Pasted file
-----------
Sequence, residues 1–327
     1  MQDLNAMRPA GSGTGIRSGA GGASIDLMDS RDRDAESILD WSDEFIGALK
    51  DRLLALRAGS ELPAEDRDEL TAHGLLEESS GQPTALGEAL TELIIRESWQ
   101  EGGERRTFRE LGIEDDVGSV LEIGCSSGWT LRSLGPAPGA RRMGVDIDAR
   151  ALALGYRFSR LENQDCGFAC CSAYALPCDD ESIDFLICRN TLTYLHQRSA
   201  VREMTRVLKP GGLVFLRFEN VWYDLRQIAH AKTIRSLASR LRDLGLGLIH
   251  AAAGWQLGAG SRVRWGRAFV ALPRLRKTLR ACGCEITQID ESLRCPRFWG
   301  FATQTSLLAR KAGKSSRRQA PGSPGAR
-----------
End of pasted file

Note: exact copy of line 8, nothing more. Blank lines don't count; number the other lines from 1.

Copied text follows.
   301  FATQTSLLAR KAGKSSRRQA PGSPGAR